The popular addiction to this form of magic was so strong that it was futile to prohibit altogether the use of amulets on the Sabbath, and instead a set of rules was created which distinguished between effective and "approved" (literally, "expert, experienced") amulets, which might be worn on that day, and those technically classed as

p. 144

unapproved. According to these rules, an amulet prepared for a specific function, which had been successfully employed by three different persons, was "approved" as equally effective for all, and an expert who had written three different amulets which had been tested by three individuals was himself "approved," and the products of his skill were permitted to all. Such amulets might be worn on the Sabbath, others not. These principles were established in the Talmud, and were frequently reiterated in the medieval literature. Medieval authorities were willing to forego a test in the case of recognized physicians: amulets written by a "rechter doktor, der gewiss is’, un’ gedoktrirt is’" were automatically "approved" as coming within these provisions. Their necessity was explained in this wise: were the effectiveness of the amulet, or the writer, to rest solely upon a test made in a single case, the cure might be attributable to the "star" of the patient or physician, rather than to the amulet itself. None the less, however insistently these rules were repeated by the rabbis, popular observance was lax. Even the authorities did not forbid the wearing of "unapproved" amulets on weekdays, though this was the subtle purpose of the legislation, and the rabbinic responsa indicate that they were freely worn on the Sabbath as well. The lust for miracles was more compelling than religious scruple, and rabbinic regulation of the amulet industry was as often honored in the breach as in the observance.15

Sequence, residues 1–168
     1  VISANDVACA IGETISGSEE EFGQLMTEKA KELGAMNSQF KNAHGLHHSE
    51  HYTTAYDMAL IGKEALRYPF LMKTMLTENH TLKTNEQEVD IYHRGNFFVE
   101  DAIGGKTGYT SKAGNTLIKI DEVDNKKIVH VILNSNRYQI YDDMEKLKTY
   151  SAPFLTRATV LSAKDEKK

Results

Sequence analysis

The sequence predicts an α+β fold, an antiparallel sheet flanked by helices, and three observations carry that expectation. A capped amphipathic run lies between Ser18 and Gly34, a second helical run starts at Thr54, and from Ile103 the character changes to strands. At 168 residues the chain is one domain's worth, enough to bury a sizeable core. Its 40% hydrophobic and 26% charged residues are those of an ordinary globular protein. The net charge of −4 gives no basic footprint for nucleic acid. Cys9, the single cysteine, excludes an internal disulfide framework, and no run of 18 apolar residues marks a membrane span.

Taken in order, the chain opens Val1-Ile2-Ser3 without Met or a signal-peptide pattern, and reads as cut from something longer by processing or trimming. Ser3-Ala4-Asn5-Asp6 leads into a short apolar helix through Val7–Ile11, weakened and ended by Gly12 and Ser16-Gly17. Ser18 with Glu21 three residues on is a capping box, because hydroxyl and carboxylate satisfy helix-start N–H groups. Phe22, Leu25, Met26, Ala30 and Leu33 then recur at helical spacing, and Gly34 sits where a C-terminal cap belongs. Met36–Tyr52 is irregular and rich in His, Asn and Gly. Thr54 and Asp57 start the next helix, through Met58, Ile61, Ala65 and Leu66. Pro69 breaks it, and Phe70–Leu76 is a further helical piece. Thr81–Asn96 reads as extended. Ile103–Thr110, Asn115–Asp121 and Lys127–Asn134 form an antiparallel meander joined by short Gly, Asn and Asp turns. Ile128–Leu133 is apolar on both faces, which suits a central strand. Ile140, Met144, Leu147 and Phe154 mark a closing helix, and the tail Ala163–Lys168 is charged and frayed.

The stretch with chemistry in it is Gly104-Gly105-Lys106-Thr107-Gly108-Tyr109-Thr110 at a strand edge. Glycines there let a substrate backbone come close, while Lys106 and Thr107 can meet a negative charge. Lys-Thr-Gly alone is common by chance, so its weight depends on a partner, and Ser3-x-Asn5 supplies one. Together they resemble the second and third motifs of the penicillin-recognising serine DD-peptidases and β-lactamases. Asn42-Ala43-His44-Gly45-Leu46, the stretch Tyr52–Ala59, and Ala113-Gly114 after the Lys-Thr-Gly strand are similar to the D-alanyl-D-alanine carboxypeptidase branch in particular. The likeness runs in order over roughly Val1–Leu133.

Besides these official regulations there grew up certain generally accepted rules affecting the writing of amulets. While various materials are mentioned, such as several types of parchment, metals, clay, etc., the one most commonly used and expressly preferred was a parchment made from deer-skin. The prescription of ritual and physical cleanliness and purity applied to writers of amulets as well as to other practitioners of Jewish magic, and the formulas frequently specify that the parchment must be kosher, that is, ritually acceptable. Emphasizing the religious character of amulets was the benediction, on the order of those prescribed in the liturgy, to be recited before writing one: "Praised be Thou, Lord, our God, King of the universe, who hast sanctified Thy great and revered name, and revealed it to the pious ones, to invoke Thy power and Thy might by means of Thy name and Thy word and the words of Thy mouth, oral and written. Praised be Thou, Lord, King, Holy One; may Thy name be ever extolled."16

p. 145